These cube watermelons are not left on the ground to grow into their natural shape. The vine is trained into large square boxes where the melon grows to maturity.
The young watermelon is left in the box to naturally grow and take shape of the cube. The boxes these fruits are grown in are generally made of glass so that the sunlight can still reach them. The farmers allow these fruits to grow to approximately 19cm in diameter before removing them from their box and shipping them off to supermarkets to be sold to their new owners.
The process of growing these melons is actually more straight forward than one may have first thought. If you have a green thumb yourself, you may even be interested in growing your very own cube watermelon. Cube watermelons were originally created so that those who were poorer and could only afford small refrigerators in Japan could still enjoy watermelon.
While they were originally designed with good intent, these watermelons soon became a phenomenon worldwide. This cube watermelon craze led to a dramatic increase in price. Once the Japanese realised the popularity of the cube watermelon , other shaped watermelons began to appear on the market.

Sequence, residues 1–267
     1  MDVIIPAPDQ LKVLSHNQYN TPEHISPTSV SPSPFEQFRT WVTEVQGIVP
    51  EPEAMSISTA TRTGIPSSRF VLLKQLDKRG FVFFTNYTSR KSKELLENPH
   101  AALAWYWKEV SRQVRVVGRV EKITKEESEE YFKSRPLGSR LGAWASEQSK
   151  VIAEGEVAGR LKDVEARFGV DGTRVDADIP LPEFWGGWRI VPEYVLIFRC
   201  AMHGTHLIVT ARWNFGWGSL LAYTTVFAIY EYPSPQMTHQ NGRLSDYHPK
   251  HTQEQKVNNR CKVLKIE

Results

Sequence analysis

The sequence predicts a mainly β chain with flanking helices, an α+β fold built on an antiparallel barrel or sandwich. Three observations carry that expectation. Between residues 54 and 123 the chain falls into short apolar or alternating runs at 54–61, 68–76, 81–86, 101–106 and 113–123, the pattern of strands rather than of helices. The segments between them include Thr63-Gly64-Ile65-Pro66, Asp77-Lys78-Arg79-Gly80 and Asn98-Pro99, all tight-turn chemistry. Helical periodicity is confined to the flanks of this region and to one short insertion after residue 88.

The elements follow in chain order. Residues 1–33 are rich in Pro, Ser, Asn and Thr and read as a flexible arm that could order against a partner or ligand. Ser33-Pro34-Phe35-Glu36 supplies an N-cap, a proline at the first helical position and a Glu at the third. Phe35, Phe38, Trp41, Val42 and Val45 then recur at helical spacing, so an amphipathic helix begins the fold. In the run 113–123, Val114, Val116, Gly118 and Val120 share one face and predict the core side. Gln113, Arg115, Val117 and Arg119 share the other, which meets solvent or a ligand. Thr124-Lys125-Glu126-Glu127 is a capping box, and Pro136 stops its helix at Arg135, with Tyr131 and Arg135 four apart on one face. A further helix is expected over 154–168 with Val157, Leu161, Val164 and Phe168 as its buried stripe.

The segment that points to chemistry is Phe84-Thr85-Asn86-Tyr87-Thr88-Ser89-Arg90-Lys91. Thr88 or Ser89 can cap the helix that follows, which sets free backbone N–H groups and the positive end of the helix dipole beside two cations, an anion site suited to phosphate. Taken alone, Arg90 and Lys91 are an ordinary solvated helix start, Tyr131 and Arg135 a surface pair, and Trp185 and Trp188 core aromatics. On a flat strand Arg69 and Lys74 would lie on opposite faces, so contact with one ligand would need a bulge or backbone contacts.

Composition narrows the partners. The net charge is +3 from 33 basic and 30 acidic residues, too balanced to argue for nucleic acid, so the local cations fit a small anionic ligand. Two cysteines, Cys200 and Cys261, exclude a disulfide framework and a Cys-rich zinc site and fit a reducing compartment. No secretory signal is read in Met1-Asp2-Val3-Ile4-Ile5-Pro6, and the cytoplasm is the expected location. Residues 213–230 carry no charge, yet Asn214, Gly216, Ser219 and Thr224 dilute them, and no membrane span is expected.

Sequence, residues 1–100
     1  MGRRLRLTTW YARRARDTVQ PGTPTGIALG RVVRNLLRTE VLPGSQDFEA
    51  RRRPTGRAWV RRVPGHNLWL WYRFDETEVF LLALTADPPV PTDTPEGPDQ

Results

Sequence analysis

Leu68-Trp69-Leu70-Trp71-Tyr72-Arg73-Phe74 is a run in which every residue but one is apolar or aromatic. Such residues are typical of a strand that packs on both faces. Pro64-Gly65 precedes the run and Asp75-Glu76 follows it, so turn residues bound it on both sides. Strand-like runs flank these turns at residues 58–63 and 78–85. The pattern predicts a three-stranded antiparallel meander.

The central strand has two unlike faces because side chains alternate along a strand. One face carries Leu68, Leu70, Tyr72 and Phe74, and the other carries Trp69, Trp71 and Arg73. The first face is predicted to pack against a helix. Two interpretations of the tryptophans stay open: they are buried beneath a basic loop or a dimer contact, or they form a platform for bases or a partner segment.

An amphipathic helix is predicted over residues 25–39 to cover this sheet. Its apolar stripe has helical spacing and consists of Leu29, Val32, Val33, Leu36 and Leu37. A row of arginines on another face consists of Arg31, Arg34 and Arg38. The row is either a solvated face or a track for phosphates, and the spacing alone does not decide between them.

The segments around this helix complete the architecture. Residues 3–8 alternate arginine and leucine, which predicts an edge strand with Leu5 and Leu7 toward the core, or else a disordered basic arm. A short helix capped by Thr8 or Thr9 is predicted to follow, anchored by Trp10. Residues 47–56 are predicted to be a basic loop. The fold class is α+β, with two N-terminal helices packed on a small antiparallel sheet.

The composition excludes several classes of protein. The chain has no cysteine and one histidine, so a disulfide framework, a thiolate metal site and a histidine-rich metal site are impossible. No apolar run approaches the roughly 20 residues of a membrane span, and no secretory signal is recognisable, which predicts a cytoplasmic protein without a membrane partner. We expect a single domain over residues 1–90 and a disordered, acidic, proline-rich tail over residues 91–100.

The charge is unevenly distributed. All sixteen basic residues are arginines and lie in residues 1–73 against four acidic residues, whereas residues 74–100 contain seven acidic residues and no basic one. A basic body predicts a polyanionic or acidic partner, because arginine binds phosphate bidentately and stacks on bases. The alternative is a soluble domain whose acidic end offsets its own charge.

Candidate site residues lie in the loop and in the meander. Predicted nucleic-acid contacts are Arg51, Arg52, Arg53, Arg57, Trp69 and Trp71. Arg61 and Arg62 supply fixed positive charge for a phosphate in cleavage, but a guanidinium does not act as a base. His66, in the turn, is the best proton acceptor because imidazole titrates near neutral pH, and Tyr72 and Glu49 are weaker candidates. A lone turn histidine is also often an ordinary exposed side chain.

The heart-shaped watermelon was first noticed in supermarkets during and has become a watermelon icon in Japan. Other shaped watermelons included the explosive watermelon which is designed to replicate a bomb, the pyramid watermelon , the human faced watermelon and the calabash shaped watermelon. UK Edition.
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Square Watermelon Is a Thing in Japan — But They’re Just for Show
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Why the Square Watermelon Will Make You a Better Person - Kletische
That's more than times the price of a regular old round melon. Training plants and trees to grow into unusual forms is nothing new; bonsai, espalier trees, pleached hedges, and even pears grown in Poire William bottles all come to mind.
But that the fruits of such labor, so to speak, can command such prices is remarkable.